Oh well. If it’s too cheap to be true... you know the rest.

Okay, let’s say you have a name brand reel, and it has a respectable amount of bearings, let’s say three or four. Where are they? And what do they do? I’ll leave that for a later Reel Talk column, but suffice it to say that some are there to suspend the spool with as little friction as possible away from other friction inducing surfaces, and others are mainly there to improve the feel of the retrieve. When you get in to 6,8,12 bearings, it sounds sexy, but it’s engineering overkill and presents another set of problems: Bearings require maintenance.

It’s not enough to just shoot some oil (hope you read the November Reel Talk on this subject) on to the bearings and expect them to last that way for years. Bearings fail for two reasons in my experience: Corrosion and Dirt. Bearings must be flushed once a season if in fresh water, and more often if you have a ball bearing reel used in the salt. Remove all old lubricant, dirt, grime and water. Refill with fresh lube. Go back and fish some more. Repeat. But you have to be able to get at the bearings, and that often means a complete tear down of the reel. Oh, and proper reassembly of course.

So, in summary my friend Raz, I suggest that you ask not what bearings can do for your reel, but what your reel can do with more bearings before you decide what to buy.

Dear RM,
I have an old Shakespeare Markhoff from the late 1950’s. I need the little screw that goes over the cover that latches on to the antireverse, you know the little threaded dealio that usually has a reverse acorn nut on the opposite end? I really need one by tomorrow, and would love to give you the business if it’s not too expensive....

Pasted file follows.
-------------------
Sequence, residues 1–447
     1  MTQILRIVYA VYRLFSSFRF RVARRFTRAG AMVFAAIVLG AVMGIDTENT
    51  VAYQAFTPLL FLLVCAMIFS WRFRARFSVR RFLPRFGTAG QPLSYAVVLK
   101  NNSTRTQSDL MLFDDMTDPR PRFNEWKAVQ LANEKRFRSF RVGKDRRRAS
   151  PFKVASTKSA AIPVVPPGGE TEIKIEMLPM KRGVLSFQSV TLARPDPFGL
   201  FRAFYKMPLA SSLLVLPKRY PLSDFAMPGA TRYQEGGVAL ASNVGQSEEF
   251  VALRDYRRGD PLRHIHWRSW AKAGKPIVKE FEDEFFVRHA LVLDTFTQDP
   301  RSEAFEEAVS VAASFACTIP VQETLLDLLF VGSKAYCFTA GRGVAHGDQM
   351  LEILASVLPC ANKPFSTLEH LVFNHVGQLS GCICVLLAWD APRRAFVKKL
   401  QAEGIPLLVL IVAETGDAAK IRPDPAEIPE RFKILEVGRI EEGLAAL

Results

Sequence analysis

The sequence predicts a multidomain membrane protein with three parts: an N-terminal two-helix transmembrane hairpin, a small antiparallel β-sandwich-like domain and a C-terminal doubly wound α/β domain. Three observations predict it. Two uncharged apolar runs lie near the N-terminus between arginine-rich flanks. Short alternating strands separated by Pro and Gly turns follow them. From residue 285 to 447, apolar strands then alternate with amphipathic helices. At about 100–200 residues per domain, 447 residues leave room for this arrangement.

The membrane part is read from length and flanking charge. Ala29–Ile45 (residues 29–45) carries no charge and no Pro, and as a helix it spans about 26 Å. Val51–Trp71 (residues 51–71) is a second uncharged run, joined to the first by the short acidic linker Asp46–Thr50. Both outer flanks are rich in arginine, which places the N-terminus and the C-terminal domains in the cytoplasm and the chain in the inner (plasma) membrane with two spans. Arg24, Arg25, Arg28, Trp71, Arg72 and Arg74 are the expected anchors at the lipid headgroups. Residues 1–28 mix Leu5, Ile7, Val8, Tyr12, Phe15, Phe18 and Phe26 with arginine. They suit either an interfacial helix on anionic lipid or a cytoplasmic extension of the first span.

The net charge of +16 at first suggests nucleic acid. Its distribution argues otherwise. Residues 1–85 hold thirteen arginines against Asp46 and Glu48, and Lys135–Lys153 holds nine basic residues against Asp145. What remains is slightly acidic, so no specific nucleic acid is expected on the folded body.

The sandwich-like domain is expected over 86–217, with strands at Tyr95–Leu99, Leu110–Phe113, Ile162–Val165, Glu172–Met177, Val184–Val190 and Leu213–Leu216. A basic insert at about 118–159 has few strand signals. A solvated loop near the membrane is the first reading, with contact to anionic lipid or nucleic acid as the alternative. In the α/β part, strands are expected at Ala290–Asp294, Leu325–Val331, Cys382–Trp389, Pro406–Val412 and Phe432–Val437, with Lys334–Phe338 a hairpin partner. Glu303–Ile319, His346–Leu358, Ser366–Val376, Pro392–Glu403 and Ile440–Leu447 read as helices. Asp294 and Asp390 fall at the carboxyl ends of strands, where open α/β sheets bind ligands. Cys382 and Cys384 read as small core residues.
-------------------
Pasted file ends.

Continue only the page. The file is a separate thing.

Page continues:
Oh, Man. I get so many of these letters every day. Ted, I appreciate your need for speed, and am glad you appreciate vintage reels as do I. But we don’t sell reel parts. Period. And there is one simple reason. Most guys think that if they just get the right part(s), they’ll figure out how it goes in. Done deal. Well that’s as may be, but most of the time, finding the right dealio for your reelio is not as easy as it sounds. And you may order the wrong part. Or install it wrong. And poor old RM, who searched the parts bins and tracked down the item and shipped not the old version but the updated correct version as per manufacturer update number 341-11256G ends up getting blamed for a faulty part when in fact it wasn’t the right part you asked for to begin with and when you put it in wrong you created a new problem and never even solved the first problem to begin with.


So no, I don’t sell reel parts.

But I sure can figure out what you need and put ‘em in right.

Until next month,


Entire Contents of This Article Copyright ©2004 Al Chirinian/ReelMeister.com. All Rights Reserved.

[ 01-03-2004, 03:21 PM: Message edited by: reelmeister ]